The following is a response to Jinnean Barnard’s thought-provoking article A Recipe for Collective Outrage which can be found on her blog Digital Pique.
One thing that the BP and Cooks Source incidents have in common is hubris, though the two cases are separated by several orders of magnitude in scale. It reminds us that the “social” aspect of “social media” doesn’t merely mean that lots of people are logged in to Facebook, but that they are in fact people, with personalities, opinions, and morals. Remember the branding exercise during which you were asked to imagine “if your brand was a person, what would he or she be like?” Thanks to social media, your brand is now going to have to think about what it takes to walk in that person’s shoes.
Once marketers suggest (as we do, and strongly) that companies a) get involved in the social space; b) try to aim for some degree of transparency; and c) make sure the phones are manned by people who know what they’re doing, we should also consider advising them on how this new(ish) environment affects not only how they talk about what they do, but what they do.
It’s pretty clear that the hijackings of both BP and Cooks Source were fueled by moral outrage, and not simply over accidents or mistakes, but over the response to having been called out on what was obviously a lapse in (or absence of) judgment on the part of the Cooks Source editor, and a crime against nature on the part of BP.
I realise this goes beyond marketing into the realm of PR, but that’s what transparency is going to do to you. Once you find yourself on the wrong side of righteous outrage, and it’s dangerous to assume that you never will, it doesn’t matter how many people are manning the phones if those people aren’t armed with appropriate responses.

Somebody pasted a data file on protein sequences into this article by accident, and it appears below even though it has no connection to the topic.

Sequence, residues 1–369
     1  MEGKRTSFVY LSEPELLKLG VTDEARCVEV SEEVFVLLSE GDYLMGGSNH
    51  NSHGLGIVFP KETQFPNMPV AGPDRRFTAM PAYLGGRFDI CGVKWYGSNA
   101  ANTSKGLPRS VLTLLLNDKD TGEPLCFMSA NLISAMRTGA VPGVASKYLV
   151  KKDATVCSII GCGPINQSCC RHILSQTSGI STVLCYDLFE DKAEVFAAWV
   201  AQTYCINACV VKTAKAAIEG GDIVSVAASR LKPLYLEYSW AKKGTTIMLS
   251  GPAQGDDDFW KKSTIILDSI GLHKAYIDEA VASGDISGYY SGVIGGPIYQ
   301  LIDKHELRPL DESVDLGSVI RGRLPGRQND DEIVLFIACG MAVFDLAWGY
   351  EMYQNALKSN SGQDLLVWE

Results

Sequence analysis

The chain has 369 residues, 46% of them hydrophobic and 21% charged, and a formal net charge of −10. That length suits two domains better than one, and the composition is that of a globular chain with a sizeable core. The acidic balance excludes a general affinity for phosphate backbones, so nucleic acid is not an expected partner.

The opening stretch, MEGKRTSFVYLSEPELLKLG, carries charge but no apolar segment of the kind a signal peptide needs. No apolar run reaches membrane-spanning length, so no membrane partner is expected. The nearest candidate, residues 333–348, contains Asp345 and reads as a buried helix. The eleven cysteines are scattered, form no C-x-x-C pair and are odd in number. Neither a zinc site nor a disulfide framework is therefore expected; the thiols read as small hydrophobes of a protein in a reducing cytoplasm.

These flashpoints, the recent don’t touch my junk TSA video among them, are called flashpoints because that’s how quickly they happen. There are a whole pile of technologically literate people out there who have been straight-armed by corporate, municipal, and federal authorities their whole lives, and who, thanks to the internet, have discovered that they’re not alone, they’re not crazy, and they’re not powerless. Personally, I think it’s a tiny flickering light of hope for western civilization.
You can get up to speed with the social media landscape, and you can buy enough resources and manpower to make sure that hands are ready at the keyboards. But if the person in control doesn’t have the playbook (Cooks Source), or if you’re a publicly traded company that has to wait for a dessicated board of directors and their cadre of lawyers to tell you what the right thing to say is (BP), all your prep isn’t going to forestall a hijacking. And you know what, maybe you deserve it. In fact, maybe “hijacking” is an unfairly pejorative term. Maybe your brand is undergoing a social media takeover.
The good news? If you’re BP, gas stations aren’t going to check how many people liked the “Boycott BP” page on Facebook before they make their next order.